Online | 9th & 12th October
Championing socially-responsible AI
Together we can build a future in which socially-responsible AI is the norm
The rapid pace of emerging technologies means we are already seeing a significant social impact. Our international conference will bring together social scientists and AI technologists to foster dialogue and collaboration across the disciplines.
Our conference brings together technologists, who are working on emerging technology projects related to AI, and anthropologists to foster dialogue and collaboration across the disciplines.
The conference has been curated to help today’s leading technology companies understand the significant value of combining teams of technologists with social scientists. Together we can build a future in which socially-responsible AI is the norm.
This year there are three streams: fintech, health tech, and smart cities. You’ll hear from experts from anthropology, artificial intelligence, computer science, cybersecurity, data science, digital sociology, economics, human rights, and medicine. Join us and be part of this ground-breaking and unique event.
Nani Jansen Reventlow
Nani Jansen Reventlow is a human rights lawyer and Director of the Digital Freedom Fund. We invited Nani to be our 2020 keynote because AI-driven technology is already being used to make decisions that are having real and serious consequences for people’s human rights.
In developing emerging technologies it is important to address algorithmic bias, which reflect and amplify existing social inequalities. Otherwise these technologies will continue to perpetuate inequalities and social injustice. This also means dismantling the systems of racism and colonisation embedded in every aspect of our society. Nani’s keynote will address decolonising digital rights.
Because unless we act now—together—social and economic divides will be further deepened and systems of oppression will continue to be automated.
Brand new talks
Technology offers the potential to reshape health and care, empowering people who are willing and able to become more actively engaged in their health. However, it is critically important that digital healthcare technologies do not exacerbate inequalities in healthcare. How can emerging technology support or potentially exacerbate inequality, inclusion and parity in health and social care? How can digital healthcare systems be created that actively improves equality and inclusion?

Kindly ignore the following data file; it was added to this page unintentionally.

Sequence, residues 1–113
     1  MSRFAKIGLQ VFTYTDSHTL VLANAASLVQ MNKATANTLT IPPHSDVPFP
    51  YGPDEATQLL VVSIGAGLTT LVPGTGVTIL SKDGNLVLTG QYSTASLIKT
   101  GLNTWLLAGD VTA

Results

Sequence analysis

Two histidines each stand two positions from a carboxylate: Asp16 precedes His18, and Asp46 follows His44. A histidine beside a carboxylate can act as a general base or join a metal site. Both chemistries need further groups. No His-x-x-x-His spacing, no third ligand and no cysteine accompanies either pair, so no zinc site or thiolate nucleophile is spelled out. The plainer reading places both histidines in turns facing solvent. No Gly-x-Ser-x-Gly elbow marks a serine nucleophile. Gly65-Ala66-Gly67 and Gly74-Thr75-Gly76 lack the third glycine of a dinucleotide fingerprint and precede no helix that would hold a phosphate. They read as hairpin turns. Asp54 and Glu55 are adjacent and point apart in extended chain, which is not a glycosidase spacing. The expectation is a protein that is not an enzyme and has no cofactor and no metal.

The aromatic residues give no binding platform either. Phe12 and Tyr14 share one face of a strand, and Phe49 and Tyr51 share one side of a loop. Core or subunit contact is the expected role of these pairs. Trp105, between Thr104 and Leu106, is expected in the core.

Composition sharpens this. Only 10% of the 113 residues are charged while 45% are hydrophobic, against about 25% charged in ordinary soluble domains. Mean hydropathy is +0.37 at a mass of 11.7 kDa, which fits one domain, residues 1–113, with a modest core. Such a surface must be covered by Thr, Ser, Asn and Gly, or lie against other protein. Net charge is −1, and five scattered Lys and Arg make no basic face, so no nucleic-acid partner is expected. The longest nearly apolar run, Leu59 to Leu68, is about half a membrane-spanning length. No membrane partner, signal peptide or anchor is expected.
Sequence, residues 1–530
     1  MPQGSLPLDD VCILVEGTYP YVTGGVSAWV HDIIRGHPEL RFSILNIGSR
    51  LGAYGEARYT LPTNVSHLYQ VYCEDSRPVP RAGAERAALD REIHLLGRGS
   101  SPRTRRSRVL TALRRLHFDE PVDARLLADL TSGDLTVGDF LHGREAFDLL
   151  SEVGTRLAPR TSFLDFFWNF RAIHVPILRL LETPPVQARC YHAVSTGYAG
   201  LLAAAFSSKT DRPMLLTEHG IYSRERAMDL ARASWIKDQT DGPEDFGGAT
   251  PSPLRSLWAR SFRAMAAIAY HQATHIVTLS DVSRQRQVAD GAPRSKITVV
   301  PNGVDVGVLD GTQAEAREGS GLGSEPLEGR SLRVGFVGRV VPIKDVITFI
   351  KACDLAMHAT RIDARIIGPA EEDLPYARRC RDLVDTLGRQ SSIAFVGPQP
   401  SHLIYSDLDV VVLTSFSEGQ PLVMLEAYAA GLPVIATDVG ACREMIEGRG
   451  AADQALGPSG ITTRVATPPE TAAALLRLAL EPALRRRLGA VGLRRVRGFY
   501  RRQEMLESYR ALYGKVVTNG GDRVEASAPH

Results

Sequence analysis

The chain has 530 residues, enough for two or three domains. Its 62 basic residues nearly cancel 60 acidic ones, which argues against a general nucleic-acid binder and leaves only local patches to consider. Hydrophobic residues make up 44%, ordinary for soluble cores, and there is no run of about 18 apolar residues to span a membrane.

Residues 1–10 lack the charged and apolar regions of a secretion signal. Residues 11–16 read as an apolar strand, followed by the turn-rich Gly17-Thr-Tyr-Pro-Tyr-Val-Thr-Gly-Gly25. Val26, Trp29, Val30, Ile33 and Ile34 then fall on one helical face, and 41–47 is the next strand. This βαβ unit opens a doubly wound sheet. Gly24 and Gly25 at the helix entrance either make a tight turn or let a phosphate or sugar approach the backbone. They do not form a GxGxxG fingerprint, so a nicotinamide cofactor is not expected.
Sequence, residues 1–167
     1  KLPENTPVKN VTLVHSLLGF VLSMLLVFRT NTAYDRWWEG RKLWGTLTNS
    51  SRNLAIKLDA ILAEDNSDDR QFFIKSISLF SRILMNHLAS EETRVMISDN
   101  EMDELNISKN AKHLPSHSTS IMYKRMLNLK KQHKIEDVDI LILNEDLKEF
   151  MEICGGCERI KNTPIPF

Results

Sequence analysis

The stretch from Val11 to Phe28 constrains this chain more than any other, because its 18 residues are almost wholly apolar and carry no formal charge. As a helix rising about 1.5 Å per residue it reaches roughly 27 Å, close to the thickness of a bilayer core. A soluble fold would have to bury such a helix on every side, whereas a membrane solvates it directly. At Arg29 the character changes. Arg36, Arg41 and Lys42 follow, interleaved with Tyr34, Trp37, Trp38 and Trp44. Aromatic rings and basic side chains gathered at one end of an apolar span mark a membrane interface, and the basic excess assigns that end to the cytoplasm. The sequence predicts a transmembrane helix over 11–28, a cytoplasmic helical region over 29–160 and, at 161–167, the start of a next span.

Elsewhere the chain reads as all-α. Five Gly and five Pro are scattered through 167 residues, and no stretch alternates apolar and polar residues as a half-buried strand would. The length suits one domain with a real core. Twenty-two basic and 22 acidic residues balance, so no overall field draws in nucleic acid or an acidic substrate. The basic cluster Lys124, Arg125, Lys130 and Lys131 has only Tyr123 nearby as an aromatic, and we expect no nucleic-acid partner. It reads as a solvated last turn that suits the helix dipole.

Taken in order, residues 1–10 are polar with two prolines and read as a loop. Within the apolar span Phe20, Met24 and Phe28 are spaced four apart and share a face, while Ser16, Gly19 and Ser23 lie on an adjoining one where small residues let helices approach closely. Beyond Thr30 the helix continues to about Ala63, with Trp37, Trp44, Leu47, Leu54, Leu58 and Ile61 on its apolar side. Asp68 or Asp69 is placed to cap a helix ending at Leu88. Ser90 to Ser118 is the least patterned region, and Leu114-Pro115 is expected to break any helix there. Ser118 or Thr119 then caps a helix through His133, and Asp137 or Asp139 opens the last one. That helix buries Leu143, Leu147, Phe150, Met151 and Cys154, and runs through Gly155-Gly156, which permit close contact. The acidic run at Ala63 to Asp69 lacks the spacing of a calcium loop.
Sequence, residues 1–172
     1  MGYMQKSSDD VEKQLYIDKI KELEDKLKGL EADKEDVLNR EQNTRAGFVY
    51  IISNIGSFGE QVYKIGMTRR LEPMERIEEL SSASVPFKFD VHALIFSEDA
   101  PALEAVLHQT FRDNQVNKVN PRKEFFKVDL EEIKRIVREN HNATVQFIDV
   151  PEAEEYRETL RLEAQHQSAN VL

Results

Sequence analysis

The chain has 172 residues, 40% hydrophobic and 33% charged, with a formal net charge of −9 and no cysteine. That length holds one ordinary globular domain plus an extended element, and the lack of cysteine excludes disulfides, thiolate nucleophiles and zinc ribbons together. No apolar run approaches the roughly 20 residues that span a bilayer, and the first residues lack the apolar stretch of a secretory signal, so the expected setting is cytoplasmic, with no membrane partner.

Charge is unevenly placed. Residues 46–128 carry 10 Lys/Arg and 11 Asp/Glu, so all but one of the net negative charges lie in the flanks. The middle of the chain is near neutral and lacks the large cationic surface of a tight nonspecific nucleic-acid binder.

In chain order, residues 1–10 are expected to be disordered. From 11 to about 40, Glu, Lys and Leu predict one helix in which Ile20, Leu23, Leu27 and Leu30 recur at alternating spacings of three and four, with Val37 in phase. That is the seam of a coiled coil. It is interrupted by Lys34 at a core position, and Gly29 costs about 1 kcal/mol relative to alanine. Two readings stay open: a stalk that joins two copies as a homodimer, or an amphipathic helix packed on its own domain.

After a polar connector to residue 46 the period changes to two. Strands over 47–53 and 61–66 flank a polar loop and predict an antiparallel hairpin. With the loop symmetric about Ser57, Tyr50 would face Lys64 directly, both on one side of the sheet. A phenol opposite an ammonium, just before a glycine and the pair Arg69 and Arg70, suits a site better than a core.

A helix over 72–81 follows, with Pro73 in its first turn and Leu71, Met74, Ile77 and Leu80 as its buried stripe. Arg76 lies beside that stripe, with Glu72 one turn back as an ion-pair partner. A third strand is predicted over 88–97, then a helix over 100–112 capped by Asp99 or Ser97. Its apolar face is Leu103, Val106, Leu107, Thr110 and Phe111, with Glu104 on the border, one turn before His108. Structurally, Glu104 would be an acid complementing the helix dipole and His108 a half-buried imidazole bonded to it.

Smart Cities Stream
While fintech offers up the promise of the democratisation of finance by including traditionally underserved communities, there are some risks particularly as artificial intelligence increasingly influences the terms and availability of credit. If learning algorithms fail on their promises of inclusion, fintech firms may hardwire predatory inclusion, existing inequities, and unconscious biases into financial markets for the next several generations. This will compound wealth gaps and undermine the welfare of vulnerable communities. How do we ensure that the already profound inequality worldwide is not further exacerbated by this new technology?
Last Years Conference
What our delegates & speakers are saying
Prof David Prendergast
“Fascinating day listening, learning and talking about socially responsible AI…an important conversation has been started here.”
“A fabulous, thoughtful day exploring legal, policy, social science and technologist perspectives on making intelligent tech accountable.”
“A conversation long overdue.”
Professor Sarah Pink
“This conference will inspire new ways of thinking…it will enable us to start thinking differently, collectively, about technology design and development.”
Dr Mark Woods
“This conference offers technologists an opportunity to hear different perspectives on our work and vice versa…it will help us build better products that are sustainable and impactful in a positive way…I would say register ASAP!”
Dr Nemo D’Qrill
“It is at gatherings like the Anthropology + Technology conference that the global agendas are first voiced and then set.”